The Waxahachie ISD Board of Trustees met for its regular June meeting to discuss summertime construction and repair projects. Updates on solutions for inconsistent attendance calls were communicated, and answers about the potentially contaminated Waxahachie High land were presented.

Mikel Craig, WISD Support Services Coordinator, addressed concerns from Ellis County residents about the placement of de-watered human waste (bio-solids) on the field where Waxahachie High is constructed. Craig informed the board that the Texas Commission on Environmental Quality and the Trinity River Authority regulate and allow the application of dried sludge.

Both governing authorities decided to permit the application of human waste as long as it is done within the guidelines and restrictions. Both agencies inspected the land to ensure guidelines were followed.

WISD has also since hired a third-party engineer to test the land more aggressively than TCEQ required, "and found it to be free of any harmful contaminants," according to the report provided in the board book.


Jacob Perry, WISD Director of Facilities and Operations, provided an update on the leaky roof situation at Felty and Clift Elementary schools and Howard Junior High. A roof condition analysis written by a Firestone technical representative established leak locations on all three campuses were believed to be sourced to one area where the valley and hip metals intersect the main roof evaluations. The investigation further identified that undocumented/unauthorized repairs were made during the duration of the warranty.

The technical representative recommended that all incorrectly repaired metal roofing component be removed and replaced or repaired by a Firestone licensed applicator.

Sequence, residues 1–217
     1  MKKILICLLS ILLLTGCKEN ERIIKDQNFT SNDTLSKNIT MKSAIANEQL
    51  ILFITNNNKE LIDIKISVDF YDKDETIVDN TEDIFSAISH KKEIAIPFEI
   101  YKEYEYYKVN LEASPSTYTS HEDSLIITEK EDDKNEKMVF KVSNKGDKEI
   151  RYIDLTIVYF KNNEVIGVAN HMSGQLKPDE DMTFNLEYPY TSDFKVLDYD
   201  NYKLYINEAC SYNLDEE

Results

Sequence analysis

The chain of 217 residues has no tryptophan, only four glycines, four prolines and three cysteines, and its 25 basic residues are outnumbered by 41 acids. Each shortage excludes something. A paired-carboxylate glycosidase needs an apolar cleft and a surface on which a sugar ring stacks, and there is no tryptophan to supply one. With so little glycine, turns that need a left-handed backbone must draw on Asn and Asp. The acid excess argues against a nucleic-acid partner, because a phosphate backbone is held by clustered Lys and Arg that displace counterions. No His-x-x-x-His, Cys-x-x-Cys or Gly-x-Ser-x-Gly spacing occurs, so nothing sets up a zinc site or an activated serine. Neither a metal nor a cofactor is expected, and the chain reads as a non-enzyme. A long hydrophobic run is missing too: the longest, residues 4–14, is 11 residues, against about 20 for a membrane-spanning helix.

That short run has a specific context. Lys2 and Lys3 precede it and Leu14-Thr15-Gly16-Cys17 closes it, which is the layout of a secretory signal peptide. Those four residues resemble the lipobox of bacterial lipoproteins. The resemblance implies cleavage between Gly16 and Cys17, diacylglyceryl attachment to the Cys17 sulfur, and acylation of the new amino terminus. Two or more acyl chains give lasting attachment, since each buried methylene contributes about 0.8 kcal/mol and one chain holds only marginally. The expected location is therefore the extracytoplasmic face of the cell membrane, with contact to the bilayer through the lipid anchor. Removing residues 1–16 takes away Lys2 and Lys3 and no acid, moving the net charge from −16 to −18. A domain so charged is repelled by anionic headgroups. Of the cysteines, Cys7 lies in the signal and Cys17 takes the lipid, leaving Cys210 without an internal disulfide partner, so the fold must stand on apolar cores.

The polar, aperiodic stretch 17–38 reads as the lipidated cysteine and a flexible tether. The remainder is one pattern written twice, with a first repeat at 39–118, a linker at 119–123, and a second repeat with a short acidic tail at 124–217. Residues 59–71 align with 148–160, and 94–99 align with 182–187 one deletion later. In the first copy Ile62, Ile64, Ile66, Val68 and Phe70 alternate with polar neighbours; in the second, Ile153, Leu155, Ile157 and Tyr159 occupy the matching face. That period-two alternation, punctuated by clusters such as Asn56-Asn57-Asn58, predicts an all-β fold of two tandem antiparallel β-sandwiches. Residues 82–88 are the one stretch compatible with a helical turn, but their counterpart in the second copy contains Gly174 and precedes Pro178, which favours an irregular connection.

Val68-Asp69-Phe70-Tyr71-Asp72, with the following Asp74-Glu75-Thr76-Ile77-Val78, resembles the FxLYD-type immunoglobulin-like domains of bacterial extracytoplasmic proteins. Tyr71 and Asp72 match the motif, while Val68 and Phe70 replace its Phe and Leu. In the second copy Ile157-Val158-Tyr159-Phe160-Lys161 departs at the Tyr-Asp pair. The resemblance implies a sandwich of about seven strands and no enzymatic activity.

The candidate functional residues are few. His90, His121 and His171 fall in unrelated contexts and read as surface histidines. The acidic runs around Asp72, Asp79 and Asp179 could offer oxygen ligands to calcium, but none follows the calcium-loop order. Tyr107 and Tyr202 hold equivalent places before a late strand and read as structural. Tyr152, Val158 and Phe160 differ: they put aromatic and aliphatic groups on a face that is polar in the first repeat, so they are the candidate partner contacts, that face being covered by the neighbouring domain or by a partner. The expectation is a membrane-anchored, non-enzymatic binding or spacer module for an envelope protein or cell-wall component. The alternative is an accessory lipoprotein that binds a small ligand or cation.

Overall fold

The board independently reviewed presented changes in the dual credit tuition and fees offered outside Navarro County.

Navarro College dual courses that equate to three credits increased by $28 to $242 for the 2019-20 school year; meanwhile, courses worth four credits increased by $36 totaling $316 per class.


WISD administration investigated the automated attendance calls after issues were reported. The board book noted the main issues included inconsistent calling times for campuses, inconsistent reporting of absences for students at same and different schools. Admin also analyzed if call-out times could be adjusted.

"User error is reporting attendance seemed to be the only true answer to the inconsistency in the call-outs for absences," according to the board book. The district's administrative team also found that call-out times can be adjusted and are customizable for users.

An incoming PEIMS director will be able to ensure that Skyward access is covered and taken care of. "PEIMS personnel should be over Skyward with technology support, not technology running it," the board book stated.